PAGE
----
Benefits of Mushrooms
Can Now Be Found Outside of The Kitchen Japanese researchers have evidence that a special mushroom compound called AHCC actively supports the immune system
By Dr. Pescatore
Mushrooms are gaining new respect from nutritionists and medical doctors, as scientists discover that mushrooms may help fight any number of ailments from high blood pressure to infections and even cancer. After more than 15 years of research, Americans finally have access to a mushroom compound called AHCC, which was once available only in Japan and has been used extensively by Japanese hospitals and medical clinics since its development in the mid-1980s as a safe, natural way to help support the immune system.
AHCC (which stands for Active Hexose Correlated Compound) is obtained from a hybridization of several species of medicinal mushrooms (including Shiitake), all organically cultivated in Japan. After extensive clinical research and significant evidence supporting its effectiveness, AHCC is gaining mainstream acceptance in the United States.
“The studies have been quite amazing,” comments Fred Pescatore, M.D., M.P.H., who has recommended AHCC adjunct therapy for many of his patients. “It has been shown to work well in patients with cancer, hepatitis, compromised immune systems and liver disease.
The body’s immune system works in part by detecting and eliminating foreign cells. For people with healthy immune systems, viruses, bacteria and abnormal cells are routinely found and destroyed before any damage is done, often before the person ever feels sick. AHCC has been shown in clinical studies to safely and naturally support a healthy immune response by activating and increasing the number of certain types of immune cells, and triggering related immune reactions in the body.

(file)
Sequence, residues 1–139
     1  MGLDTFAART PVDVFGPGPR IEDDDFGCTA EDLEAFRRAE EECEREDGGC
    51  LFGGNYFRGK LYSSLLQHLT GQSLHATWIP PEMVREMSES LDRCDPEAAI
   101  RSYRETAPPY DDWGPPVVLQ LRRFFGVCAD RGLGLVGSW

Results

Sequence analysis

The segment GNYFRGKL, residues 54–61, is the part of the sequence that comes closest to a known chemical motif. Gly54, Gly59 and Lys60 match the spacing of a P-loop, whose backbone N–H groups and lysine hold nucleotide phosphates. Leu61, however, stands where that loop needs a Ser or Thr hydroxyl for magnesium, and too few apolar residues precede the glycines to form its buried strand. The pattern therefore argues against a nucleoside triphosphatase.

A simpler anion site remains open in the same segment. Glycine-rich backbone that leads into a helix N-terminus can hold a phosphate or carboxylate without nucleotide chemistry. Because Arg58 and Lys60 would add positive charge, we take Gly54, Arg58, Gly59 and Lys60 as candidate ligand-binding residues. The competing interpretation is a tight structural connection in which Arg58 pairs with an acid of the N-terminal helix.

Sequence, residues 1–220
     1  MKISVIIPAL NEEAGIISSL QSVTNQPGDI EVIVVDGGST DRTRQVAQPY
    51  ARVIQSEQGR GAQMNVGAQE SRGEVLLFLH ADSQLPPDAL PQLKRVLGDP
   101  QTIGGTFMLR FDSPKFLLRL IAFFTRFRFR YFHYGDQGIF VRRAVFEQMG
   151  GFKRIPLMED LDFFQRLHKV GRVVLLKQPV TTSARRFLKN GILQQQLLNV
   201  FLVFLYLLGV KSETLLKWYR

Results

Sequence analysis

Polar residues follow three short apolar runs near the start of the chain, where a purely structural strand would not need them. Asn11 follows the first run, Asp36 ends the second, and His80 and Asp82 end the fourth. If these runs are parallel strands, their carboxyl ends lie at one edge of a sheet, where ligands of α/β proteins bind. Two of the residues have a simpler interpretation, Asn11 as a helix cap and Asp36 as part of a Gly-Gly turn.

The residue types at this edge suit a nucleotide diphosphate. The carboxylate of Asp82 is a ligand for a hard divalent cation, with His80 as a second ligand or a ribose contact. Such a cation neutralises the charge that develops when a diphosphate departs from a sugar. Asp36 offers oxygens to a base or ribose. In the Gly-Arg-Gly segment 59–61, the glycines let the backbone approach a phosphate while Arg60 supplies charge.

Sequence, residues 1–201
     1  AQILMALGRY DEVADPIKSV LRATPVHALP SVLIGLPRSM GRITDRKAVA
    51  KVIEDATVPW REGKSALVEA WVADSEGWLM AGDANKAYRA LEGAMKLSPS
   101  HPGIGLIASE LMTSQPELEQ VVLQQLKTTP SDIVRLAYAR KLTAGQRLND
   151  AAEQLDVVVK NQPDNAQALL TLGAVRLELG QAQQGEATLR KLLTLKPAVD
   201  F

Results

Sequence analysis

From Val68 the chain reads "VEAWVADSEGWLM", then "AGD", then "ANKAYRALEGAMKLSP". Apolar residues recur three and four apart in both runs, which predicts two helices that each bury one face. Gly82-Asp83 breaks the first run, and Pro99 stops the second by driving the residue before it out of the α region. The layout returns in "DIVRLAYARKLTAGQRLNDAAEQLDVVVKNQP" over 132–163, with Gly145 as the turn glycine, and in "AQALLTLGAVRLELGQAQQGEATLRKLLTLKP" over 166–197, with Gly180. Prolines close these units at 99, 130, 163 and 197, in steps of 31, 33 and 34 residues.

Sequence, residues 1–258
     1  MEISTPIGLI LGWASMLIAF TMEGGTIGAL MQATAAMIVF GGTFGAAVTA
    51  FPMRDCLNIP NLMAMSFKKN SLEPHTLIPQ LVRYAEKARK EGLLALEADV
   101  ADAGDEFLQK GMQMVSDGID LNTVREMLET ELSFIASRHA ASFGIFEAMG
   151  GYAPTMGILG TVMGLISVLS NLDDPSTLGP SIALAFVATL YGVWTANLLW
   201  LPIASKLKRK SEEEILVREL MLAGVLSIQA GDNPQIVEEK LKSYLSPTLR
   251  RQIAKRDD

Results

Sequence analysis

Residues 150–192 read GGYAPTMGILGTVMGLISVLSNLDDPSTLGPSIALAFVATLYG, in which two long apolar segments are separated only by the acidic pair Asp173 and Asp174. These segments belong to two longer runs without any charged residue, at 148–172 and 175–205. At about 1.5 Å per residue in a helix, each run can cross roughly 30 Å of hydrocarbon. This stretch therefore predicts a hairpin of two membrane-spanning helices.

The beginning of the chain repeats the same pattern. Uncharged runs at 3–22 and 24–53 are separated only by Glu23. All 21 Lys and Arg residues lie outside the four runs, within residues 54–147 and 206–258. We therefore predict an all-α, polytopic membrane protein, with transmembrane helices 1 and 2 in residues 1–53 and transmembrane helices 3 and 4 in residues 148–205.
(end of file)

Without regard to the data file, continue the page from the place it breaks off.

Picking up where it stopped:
The excitement among scientists is growing as research progresses. United States clinical trials are underway at the More-house School of Medicine and Yale University. These studies follow a number of previous studies conducted by prestigious Japanese universities.
After one such study, a human clinical study of liver cancer patients conducted at the Kansai Medical University in Osaka, Japan and published in the July 2002 Journal of Hepatology1, researchers noted that “AHCC intake resulted in improved liver function, the prevention of recurrence of hepatocellular carcinoma (HCC), and the prolonged survival of postoperative HCC patients without any adverse effect.”
AHCC is now available in supplement form at health food stores and through some medical clinics and hospitals. AHCC is currently used in more than 700 hospitals and medical centers worldwide — and some 40,000 people — as part of an ongoing immune support program. For more information, please see www.q-o-l.com
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